Spin is not new. Consider the Tudors, who likely as not created the myth of Evil King Richard III. Until quite recently, however, there was such a thing as a counterargument.
A long time ago in a research and development laboratory far, far away, Raphi Giangiulio made a little piece of cinematic history.
I want you to know that you deserve to be here. You are no less worthy than they are. You are not operating at a deficit.
I’ve increasingly spent time with aspirational genre fiction, the spy novel or murder mystery that is far better than its neighboring peers on nearby bookshelves but will never be confused with Faulkner. And if you throw a story about Ireland into the mix, well, I’ll be ready to plop down some money for the trip. That’s how I came recently to reading In the Woods by Tana French.
Oh yeah, that. Fun for you, maybe.
On the night before Christmas, when I was little, the very air would be teeming with excitation. The world felt wondrous and magical and alive in anticipation of the unbelievable making a real-life visit.
One day about halfway through his work as the main carpenter on the Notre Dame organ, Andreas Schonger wiped out while training for a mountain bike race and broke his collarbone. The accident was bad enough that firefighters had to carry him out of the forest.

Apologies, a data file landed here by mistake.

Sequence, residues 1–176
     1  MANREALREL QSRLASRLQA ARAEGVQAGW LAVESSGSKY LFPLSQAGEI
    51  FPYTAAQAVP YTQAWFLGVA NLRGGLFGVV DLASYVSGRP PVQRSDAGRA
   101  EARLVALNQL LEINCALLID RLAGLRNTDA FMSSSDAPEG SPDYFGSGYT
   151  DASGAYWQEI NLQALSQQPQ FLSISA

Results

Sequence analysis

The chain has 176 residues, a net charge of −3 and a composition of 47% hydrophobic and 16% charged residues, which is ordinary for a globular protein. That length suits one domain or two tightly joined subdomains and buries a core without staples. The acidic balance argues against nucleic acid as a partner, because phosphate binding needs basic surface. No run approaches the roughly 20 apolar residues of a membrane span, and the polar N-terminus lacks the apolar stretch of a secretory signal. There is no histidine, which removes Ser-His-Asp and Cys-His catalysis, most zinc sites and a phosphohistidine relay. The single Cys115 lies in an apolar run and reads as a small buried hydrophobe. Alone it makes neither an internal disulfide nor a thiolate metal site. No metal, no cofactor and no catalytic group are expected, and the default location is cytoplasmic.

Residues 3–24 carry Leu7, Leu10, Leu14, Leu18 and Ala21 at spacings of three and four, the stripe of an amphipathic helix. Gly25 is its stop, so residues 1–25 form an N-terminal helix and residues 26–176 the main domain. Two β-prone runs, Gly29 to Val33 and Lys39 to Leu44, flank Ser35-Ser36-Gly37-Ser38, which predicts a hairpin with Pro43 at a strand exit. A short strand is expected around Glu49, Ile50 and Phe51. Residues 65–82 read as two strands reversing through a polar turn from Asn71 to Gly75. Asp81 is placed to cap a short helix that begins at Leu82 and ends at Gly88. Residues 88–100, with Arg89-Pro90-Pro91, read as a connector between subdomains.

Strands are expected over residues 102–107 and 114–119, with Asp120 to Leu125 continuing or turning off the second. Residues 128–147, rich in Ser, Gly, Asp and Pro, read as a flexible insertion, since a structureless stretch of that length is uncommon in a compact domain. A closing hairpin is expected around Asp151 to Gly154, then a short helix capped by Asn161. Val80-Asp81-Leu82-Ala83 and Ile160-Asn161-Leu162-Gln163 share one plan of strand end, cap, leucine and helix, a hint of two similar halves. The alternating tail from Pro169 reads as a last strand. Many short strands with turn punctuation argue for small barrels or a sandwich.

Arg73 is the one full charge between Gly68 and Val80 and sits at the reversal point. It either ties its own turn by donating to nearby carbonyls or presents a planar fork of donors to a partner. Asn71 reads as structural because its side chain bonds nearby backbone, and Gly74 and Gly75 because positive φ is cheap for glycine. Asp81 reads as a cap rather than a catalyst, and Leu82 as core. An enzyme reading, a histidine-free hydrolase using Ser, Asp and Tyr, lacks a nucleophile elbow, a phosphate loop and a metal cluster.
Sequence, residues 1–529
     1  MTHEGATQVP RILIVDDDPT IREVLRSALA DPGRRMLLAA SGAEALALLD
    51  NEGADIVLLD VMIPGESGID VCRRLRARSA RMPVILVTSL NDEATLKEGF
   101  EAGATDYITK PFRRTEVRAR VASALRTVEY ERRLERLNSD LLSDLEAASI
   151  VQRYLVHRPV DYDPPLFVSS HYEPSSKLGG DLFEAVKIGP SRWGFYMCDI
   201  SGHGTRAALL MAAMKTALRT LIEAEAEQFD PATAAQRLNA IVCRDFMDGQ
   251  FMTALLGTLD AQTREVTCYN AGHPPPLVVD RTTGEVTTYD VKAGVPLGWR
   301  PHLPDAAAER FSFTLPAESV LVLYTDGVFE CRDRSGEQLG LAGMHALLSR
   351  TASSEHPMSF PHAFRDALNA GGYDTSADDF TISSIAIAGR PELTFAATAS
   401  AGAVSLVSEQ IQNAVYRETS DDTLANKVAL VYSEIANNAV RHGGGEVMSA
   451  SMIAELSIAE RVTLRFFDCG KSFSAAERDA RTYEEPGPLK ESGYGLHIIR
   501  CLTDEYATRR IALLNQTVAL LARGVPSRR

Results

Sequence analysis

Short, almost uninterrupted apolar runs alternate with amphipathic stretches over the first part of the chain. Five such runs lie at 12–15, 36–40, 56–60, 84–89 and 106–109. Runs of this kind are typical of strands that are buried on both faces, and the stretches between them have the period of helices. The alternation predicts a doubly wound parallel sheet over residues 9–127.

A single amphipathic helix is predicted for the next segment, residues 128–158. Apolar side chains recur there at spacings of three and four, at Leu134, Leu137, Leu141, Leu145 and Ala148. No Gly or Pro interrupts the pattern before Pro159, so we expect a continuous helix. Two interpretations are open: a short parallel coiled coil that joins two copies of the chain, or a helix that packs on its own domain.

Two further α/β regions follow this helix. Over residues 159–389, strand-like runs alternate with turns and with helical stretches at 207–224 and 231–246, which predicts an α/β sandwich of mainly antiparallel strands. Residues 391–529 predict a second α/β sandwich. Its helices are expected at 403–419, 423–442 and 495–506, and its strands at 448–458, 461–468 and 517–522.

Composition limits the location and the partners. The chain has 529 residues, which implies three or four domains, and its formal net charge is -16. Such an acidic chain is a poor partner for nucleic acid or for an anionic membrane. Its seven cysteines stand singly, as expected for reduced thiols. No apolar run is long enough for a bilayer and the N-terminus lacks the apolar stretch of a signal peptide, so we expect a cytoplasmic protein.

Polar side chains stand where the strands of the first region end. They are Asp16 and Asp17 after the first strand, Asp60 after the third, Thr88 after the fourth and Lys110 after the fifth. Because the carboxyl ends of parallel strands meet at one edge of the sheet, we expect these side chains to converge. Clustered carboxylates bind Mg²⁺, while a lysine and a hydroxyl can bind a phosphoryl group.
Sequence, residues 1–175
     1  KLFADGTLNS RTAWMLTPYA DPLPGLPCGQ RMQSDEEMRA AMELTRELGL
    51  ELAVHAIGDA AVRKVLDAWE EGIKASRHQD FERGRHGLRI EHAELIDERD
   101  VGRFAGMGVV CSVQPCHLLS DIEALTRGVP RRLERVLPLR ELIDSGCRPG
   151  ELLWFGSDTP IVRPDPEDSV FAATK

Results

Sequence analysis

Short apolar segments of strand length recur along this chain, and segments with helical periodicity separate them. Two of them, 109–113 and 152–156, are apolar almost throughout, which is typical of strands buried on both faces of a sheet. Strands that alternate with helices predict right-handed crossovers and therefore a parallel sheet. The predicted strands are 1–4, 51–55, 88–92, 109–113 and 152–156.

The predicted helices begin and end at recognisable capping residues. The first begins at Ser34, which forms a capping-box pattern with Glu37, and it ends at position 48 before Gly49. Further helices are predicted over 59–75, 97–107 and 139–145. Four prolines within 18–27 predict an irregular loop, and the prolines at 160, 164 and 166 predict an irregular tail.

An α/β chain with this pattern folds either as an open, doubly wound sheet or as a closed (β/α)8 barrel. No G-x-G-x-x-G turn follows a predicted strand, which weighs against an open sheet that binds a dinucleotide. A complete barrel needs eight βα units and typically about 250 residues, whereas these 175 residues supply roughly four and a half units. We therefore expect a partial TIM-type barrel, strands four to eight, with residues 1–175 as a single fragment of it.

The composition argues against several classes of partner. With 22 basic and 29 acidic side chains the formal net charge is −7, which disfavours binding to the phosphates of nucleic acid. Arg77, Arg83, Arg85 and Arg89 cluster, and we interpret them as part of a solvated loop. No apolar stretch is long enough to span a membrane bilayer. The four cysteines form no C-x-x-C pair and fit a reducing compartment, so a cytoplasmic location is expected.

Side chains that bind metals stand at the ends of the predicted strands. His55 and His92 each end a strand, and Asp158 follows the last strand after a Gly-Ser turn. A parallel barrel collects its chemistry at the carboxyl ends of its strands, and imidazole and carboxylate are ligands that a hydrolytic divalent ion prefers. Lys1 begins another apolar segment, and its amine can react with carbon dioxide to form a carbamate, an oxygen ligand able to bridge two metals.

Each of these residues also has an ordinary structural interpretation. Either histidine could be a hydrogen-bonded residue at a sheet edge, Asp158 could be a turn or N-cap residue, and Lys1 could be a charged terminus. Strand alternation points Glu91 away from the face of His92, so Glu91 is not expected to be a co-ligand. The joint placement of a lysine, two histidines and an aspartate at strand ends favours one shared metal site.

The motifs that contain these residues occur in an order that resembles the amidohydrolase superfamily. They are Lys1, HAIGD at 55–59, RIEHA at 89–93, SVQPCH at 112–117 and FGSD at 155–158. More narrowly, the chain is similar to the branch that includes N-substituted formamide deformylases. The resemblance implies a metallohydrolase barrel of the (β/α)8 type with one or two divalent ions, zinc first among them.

The road I have traveled was due much more to luck than skill, and to seizing opportunities that privilege and fortune placed on my path along the way.
For 14 years, Anne Perry, known for her Victorian-era mysteries, has offered the yearly Christmas gift of a holiday novella. Her A Christmas Promise, released in 2009, evokes a world familiar to fans of Charles Dickens.
Welcome to Molarity Redux, the continuing adventures of Jim Mole and friends. Skip the undigested bits of beef and go straight for the Ghost of Christmas Past.
Bone up on your organ knowledge; impress your friends.
Decades later, militarists and historians still wondered how it could have happened.
A first-of-its-kind class rotates from Notre Dame to Holy Cross to Saint Mary’s each week, with students from each school asking how we might live better in relation to creation.
When they went to bed on election night, most Americans — even in GOP quarters — thought the outcome of 2016 was a foregone conclusion. But by the time the presidential and other electoral results became known, it was the Democrats who were left wondering what their party’s fortunes might be.
I have so loved this year and being a missionary of mercy that I had thought about sneaking into St. Peter’s and getting behind the Holy Door, so that when the Holy Father tried to close it, it wouldn’t.